Last night, thousands of ostensibly intelligent, college-educated students from Penn State rioted through their quiet town of State College, Penn. They flipped a news truck, attacked police with pepper spray and destroyed public property. They danced on cars, threw toilet paper into trees and forced shopkeepers to stand guard over their businesses. The students’ uncontrollable rage required a battalion of law-enforcement officers marching down the street in protective gear to contain.
And why did they do this? The New York Times, which reported on these events, has our answer:
Paul Howard, 24, an aerospace engineering student, jeered the police. “Of course we’re going to riot,” he said. “What do they expect when they tell us at 10 o’clock that they fired our football coach?”
All this mayhem, all this orgiastic violence, because an athletic coach lost his job.
Is it just me, or is this reaction as grossly inappropriate as it is terrifying? If anything, these students should have been holding a vigil for the victims of former Assistant Coach Jerry Sandusky, the man indicted for molesting or raping at least eight young boys over 15 years under the tragically lenient eye of the university’s administration—these are the people who are truly worthy their righteous indignation. But instead, these perversely misguided kids are mad that their “JoePa,” their aged coach—whom they weirdly treat with paternal reverence—was punished for his part in letting the whole sordid mess go on. Do they not understand that when something this egregious happens, those in control, those playing the role of parent, must be held accountable?
But father-worship is a way of life on many sports-dominated college campuses. As Penn State alumna Maureen Seaberg pointed out in the Daily Beast this morning, the pull of the Saturday game and its associated cult of personality is practically irresistable:
One could have lifted one’s feet off the ground amid the throngs of students heading to the game on a Saturday afternoon, and still arrived at the stadium—so complete and total was the weekly migration to Joe’s House.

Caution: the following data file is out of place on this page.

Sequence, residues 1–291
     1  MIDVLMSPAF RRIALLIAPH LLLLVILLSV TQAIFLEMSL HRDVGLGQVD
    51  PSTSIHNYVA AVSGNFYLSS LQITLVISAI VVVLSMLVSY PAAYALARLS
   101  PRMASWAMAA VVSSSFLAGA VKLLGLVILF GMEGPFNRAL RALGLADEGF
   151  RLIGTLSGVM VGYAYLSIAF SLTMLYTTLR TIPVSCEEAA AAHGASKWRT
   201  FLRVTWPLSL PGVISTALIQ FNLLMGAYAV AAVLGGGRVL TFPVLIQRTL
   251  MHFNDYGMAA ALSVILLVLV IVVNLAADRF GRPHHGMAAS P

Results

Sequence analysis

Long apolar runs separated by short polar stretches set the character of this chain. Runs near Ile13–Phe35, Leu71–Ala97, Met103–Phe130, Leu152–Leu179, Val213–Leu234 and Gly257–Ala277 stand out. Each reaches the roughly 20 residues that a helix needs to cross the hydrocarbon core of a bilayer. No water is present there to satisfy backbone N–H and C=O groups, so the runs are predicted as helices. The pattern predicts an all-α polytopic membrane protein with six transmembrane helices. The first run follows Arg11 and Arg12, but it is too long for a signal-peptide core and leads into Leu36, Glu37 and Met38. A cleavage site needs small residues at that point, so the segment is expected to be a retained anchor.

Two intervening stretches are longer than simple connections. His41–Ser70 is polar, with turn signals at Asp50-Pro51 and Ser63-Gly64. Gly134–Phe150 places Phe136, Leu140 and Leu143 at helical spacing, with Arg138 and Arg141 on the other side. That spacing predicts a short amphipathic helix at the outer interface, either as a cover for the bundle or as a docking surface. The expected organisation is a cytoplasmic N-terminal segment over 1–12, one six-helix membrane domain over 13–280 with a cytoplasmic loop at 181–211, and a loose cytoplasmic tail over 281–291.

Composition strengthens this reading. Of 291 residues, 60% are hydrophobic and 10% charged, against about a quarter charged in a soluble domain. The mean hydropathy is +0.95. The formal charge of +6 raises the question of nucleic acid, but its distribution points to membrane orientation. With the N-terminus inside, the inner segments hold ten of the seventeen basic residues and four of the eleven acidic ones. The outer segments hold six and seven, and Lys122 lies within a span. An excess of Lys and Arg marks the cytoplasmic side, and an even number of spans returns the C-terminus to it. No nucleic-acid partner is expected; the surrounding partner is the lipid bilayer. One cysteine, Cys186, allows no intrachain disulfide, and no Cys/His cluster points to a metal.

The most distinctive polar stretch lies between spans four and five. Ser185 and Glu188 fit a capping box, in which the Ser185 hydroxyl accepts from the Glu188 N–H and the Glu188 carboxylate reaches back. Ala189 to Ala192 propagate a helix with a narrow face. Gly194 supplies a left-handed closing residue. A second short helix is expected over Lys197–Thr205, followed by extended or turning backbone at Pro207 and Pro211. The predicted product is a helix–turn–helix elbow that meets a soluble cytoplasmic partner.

That Seaberg’s description of the “complete and total” pilgrimage to worship at “Joe’s House” sounds so eerily similar to last night’s events should tell us something. These deified coaches, grandfatherly as they may seem, and these monolithic sports programs, to whatever extent that they may fund other parts of the university, wield too much influence over college life. In an institution that is meant to instill the liberal values of critical thinking and an egalitarian sense of equality in its students, having special dining rooms or living quarters for athletes, as Seaberg recalls, is a bad idea. Building monuments to a man whose job is, at the end of the day, to teach guys how to move a ball from one place to another, is similarly inappropriate. And, worst of all, allowing the idea that anyone is infallible—be it coach, professor or cleric—to fester and infect a student body to the point that they’d sooner disrupt public order than face the truth is downright toxic to the goals of the university.
Blind, herdlike dedication to a coach or team or school is pernicious. Not only does it encourage the kind of wild, unthinking behavior displayed in the riot, but it also fertilizes the lurid collusion and willful ignorance that facilitated these sex crimes in the first place. But what to do? As David Haugh asked in the Chicago Tribune: “When will [the students] realize, after the buzz wears off and sobering reality sinks in, that they were defending the right to cover up pedophilia?”
Only when they wrap their heads around the fact that good ol’ JoePa, far from being above the fray, is subject to the same moral questions and requirements as the rest of us. A truly good father would have taught them that; this one, apparently, has not.